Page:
- Establish a peace-of-mind plan. When you drop off your child, make a habit of calling or texting all other caregivers, so all of you know where your child is at all times.
- Place a purse, briefcase, gym bag, cell phone or any item that is needed at your next stop in the back seat.
- Set the alarm on your cell phone or computer calendar as a reminder to drop your child off at childcare.

TAKE action if you see an unattended child in a vehicle:
- Dial 911 immediately and follow the instruction that emergency personnel provide – they are trained to determine if a child is in danger.

Safe Kids Grand Forks has developed an educational flyer on this topic. The flyer comes with a vinyl cling to use as a reminder to watch for children both inside and out of the vehicle. The flyer can be viewed on-line at or to request hard copies and the cling, contact



Safe Kids Grand Forks Advocates for Child Safety During National Safe Boating Week


Safe Kids Grand Forks urges parents and caregivers to take extra measures to keep kids safe during National Safe Kids Boating Week on May 17-23. It is estimated that half of boating-related drownings could be prevented by the use of life jackets. Whether it’s during vacation or part of an ordinary day, boating can be fun for the entire family – as long as everyone remains safe. We can’t stress it enough: On a boat, everyone should wear a life jacket at all times.

Safe Kids Grand Forks strongly encourages parents and caregivers to look for a life jacket approved by the U.S. Coast Guard. ‘Water wings’ and other inflatable swimming aids such as inner tubes do not prevent drowning.

Children ages 14 and under should also wear life jackets not only on boats, but near open bodies of water or when participating in water sports. Children under 13 are required to wear life jackets on any recreational vessel in waters under Coast Guard jurisdiction unless they are below deck or within an enclosed cabin. Safe Kids Grand Forks urges parents and caregivers to wear life jackets on boats or other watercraft as well.  Children are much more likely to practice safe habits when they witness similar behavior by parents and caregivers. Your children will pick up and embrace your safety habits.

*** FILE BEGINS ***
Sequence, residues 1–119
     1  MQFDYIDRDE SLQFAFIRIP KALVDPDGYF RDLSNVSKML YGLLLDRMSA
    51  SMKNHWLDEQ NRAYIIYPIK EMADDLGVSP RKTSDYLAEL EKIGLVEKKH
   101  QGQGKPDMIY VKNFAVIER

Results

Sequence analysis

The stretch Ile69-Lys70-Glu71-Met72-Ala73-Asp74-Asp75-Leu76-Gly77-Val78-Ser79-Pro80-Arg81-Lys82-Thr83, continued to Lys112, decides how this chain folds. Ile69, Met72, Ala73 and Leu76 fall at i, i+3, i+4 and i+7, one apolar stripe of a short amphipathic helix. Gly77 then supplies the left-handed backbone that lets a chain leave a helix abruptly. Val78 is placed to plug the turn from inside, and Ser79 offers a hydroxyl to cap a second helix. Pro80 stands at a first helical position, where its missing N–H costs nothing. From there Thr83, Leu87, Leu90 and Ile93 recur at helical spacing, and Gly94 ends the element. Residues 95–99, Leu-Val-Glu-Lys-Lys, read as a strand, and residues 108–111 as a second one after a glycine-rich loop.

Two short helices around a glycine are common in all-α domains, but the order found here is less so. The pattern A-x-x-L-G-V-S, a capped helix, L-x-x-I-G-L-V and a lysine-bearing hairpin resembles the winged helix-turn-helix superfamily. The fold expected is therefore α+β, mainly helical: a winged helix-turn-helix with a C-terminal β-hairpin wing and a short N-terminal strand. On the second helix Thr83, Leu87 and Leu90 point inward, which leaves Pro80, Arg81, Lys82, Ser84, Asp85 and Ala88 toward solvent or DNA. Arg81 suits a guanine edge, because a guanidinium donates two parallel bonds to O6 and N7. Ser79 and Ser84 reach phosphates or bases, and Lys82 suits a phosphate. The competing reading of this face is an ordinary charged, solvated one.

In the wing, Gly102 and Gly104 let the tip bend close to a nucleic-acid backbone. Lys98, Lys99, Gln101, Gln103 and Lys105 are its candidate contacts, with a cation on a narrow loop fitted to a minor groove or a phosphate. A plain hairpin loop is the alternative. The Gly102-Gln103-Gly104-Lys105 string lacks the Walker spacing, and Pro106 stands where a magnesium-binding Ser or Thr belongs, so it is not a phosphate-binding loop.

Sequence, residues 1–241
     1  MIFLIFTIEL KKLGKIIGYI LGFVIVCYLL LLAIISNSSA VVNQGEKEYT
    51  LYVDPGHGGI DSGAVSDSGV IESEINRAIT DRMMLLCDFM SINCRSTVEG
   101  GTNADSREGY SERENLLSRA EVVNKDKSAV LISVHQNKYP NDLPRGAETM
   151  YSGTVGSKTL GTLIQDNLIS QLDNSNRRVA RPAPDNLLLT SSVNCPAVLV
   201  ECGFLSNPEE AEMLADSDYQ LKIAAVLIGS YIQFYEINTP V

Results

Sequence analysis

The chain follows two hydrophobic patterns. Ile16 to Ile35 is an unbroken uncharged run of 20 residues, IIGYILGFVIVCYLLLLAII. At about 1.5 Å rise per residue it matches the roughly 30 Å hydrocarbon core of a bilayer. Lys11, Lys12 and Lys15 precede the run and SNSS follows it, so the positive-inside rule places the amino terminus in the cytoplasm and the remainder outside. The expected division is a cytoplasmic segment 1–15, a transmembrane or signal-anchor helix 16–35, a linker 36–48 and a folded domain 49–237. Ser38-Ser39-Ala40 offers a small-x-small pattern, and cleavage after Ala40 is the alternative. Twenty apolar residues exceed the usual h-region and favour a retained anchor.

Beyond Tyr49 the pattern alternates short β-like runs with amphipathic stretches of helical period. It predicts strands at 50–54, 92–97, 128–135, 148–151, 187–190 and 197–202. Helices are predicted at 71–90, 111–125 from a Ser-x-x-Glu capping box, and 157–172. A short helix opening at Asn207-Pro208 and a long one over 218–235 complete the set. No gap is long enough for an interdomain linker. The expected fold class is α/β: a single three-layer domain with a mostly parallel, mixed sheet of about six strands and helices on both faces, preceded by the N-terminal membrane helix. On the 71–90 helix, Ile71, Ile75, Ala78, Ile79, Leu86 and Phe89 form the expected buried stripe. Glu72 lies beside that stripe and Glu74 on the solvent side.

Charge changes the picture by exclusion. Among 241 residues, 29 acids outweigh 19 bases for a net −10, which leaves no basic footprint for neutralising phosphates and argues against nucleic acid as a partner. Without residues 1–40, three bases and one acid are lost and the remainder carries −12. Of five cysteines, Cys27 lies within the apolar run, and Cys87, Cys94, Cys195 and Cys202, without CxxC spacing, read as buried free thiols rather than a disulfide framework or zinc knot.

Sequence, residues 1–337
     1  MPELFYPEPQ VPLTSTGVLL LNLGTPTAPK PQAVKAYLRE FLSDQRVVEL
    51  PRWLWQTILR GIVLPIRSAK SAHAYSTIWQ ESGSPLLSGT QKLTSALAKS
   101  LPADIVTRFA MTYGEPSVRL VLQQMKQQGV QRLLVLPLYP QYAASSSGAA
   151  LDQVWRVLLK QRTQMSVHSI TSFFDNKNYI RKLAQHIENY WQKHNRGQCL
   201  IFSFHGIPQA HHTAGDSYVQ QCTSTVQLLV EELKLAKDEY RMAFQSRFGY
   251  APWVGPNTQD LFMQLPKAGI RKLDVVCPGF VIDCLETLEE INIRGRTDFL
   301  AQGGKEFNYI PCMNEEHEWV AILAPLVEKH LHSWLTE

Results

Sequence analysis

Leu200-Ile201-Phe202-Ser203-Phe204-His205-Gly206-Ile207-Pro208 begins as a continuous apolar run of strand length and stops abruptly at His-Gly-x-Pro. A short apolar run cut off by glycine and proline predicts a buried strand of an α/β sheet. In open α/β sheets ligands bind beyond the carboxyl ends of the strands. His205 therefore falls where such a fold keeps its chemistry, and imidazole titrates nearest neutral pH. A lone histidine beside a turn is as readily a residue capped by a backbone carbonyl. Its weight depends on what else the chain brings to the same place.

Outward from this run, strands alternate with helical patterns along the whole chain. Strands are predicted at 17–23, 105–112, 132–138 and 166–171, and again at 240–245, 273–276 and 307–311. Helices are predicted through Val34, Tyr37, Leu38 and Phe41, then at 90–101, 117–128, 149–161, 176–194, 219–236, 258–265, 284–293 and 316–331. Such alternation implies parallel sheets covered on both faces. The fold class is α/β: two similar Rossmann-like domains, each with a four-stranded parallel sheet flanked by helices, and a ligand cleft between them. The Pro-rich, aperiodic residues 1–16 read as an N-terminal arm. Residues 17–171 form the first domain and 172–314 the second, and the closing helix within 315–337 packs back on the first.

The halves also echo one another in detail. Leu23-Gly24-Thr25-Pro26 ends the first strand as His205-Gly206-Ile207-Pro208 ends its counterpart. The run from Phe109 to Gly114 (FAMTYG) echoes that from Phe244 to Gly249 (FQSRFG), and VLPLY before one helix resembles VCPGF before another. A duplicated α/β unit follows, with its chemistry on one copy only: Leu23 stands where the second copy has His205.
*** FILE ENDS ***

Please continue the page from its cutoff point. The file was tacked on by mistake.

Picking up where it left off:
Safe Kids Grand Forks also reminds parents and caregivers:

+ Always supervise children when they are around any type of water. Designate a “Water Watcher” – a responsible adult who is in charge of watching children while they are in or near water. The Water Watcher should not be distracted by phone calls, text messages, reading or talking to others.

+Always wear a life jacket. Adults and children should wear life jackets in or around open bodies of water and on boats. Life jackets should fit snugly and keep the child’s head above water. Make sure the life jacket is appropriate for the child’s size and weight, and is properly fastened. Quick Check: Put the life jacket on the child and have the child make a “touchdown” signal with arms raised. If the neck opening of the life jacket comes over the child’s chin or ears, it may be too big or the straps may be too loose.  

+ Learn how to swim and only swim in designated swimming areas. Enroll children in swim lessons taught by a certified instructor. Knowing how to swim does not prevent drowning, but it is an important skill for both children and adults to learn. Teach children that swimming in open water is not the same as swimming in a pool – they need to be aware of uneven surfaces, river currents, ocean undertow and changing weather.

Learn CPR and know how to use rescue equipment – these are important skills to know if there is an emergency.

+ Take a boating safety course. Make sure the boat operator has passed a boating safety course approved by the U.S. Coast Guard before your child or family rides in the boat. For more information about safe boat operations and free Vessel Safety Checks, contact the local Coast Guard Auxiliary at

Do not let children operate or ride on personal watercrafts such as jet skis. These are intended for adults and require special training.

+ Prevent carbon monoxide (CO) poisoning. Know where and how CO may accumulate around your boat, and install a CO detector to alert you to dangerous levels of exhaust fumes.

+ Avoid alcoholic beverages. Never drink alcoholic beverages while boating — a large portion of boating accidents that occur each year involve alcohol consumption by both boat operators and passengers.

National Safe Boating Week is an annual educational campaign, coordinated by the National Safe Boating Council (, running the week prior to Memorial Day.

For more information about drowning and boating-related injuries, contact Safe Kids Grand Forks at Altru Health System is proud to serve as the lead agency for Safe Kids Grand Forks.